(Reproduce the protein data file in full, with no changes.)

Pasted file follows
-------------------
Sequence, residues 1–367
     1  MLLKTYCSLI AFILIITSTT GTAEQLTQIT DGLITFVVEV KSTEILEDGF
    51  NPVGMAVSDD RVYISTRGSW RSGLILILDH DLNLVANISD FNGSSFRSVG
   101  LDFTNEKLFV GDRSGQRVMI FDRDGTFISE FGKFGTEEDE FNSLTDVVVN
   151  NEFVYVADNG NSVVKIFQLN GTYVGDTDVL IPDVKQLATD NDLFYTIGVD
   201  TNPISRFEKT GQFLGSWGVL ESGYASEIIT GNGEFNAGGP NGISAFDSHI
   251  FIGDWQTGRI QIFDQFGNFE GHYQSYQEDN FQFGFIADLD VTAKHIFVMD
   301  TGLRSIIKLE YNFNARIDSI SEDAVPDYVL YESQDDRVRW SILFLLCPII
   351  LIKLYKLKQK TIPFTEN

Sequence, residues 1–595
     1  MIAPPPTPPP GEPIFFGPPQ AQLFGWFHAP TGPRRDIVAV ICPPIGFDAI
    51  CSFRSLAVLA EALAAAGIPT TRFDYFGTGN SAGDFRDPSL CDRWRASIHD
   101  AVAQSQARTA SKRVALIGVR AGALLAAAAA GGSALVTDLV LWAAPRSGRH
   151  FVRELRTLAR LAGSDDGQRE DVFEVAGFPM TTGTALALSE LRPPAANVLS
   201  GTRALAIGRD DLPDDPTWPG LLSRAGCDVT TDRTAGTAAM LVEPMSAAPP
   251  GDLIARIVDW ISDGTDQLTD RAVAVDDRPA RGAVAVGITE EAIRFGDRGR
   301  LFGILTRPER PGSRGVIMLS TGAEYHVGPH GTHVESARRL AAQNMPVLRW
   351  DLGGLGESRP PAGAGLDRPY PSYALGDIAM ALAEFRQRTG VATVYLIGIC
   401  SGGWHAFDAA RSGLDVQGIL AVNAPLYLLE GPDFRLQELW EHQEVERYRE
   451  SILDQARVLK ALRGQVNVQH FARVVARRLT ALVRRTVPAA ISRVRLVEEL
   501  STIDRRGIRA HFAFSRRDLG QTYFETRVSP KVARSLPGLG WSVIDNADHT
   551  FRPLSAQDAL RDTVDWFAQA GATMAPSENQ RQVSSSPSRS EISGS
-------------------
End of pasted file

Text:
Sequence, residues 1–367
     1  MLLKTYCSLI AFILIITSTT GTAEQLTQIT DGLITFVVEV KSTEILEDGF
    51  NPVGMAVSDD RVYISTRGSW RSGLILILDH DLNLVANISD FNGSSFRSVG
   101  LDFTNEKLFV GDRSGQRVMI FDRDGTFISE FGKFGTEEDE FNSLTDVVVN
   151  NEFVYVADNG NSVVKIFQLN GTYVGDTDVL IPDVKQLATD NDLFYTIGVD
   201  TNPISRFEKT GQFLGSWGVL ESGYASEIIT GNGEFNAGGP NGISAFDSHI
   251  FIGDWQTGRI QIFDQFGNFE GHYQSYQEDN FQFGFIADLD VTAKHIFVMD
   301  TGLRSIIKLE YNFNARIDSI SEDAVPDYVL YESQDDRVRW SILFLLCPII
   351  LIKLYKLKQK TIPFTEN

Sequence, residues 1–595
     1  MIAPPPTPPP GEPIFFGPPQ AQLFGWFHAP TGPRRDIVAV ICPPIGFDAI
    51  CSFRSLAVLA EALAAAGIPT TRFDYFGTGN SAGDFRDPSL CDRWRASIHD
   101  AVAQSQARTA SKRVALIGVR AGALLAAAAA GGSALVTDLV LWAAPRSGRH
   151  FVRELRTLAR LAGSDDGQRE DVFEVAGFPM TTGTALALSE LRPPAANVLS
   201  GTRALAIGRD DLPDDPTWPG LLSRAGCDVT TDRTAGTAAM LVEPMSAAPP
   251  GDLIARIVDW ISDGTDQLTD RAVAVDDRPA RGAVAVGITE EAIRFGDRGR
   301  LFGILTRPER PGSRGVIMLS TGAEYHVGPH GTHVESARRL AAQNMPVLRW
   351  DLGGLGESRP PAGAGLDRPY PSYALGDIAM ALAEFRQRTG VATVYLIGIC
   401  SGGWHAFDAA RSGLDVQGIL AVNAPLYLLE GPDFRLQELW EHQEVERYRE
   451  SILDQARVLK ALRGQVNVQH FARVVARRLT ALVRRTVPAA ISRVRLVEEL
   501  STIDRRGIRA HFAFSRRDLG QTYFETRVSP KVARSLPGLG WSVIDNADHT
   551  FRPLSAQDAL RDTVDWFAQA GATMAPSENQ RQVSSSPSRS EISGS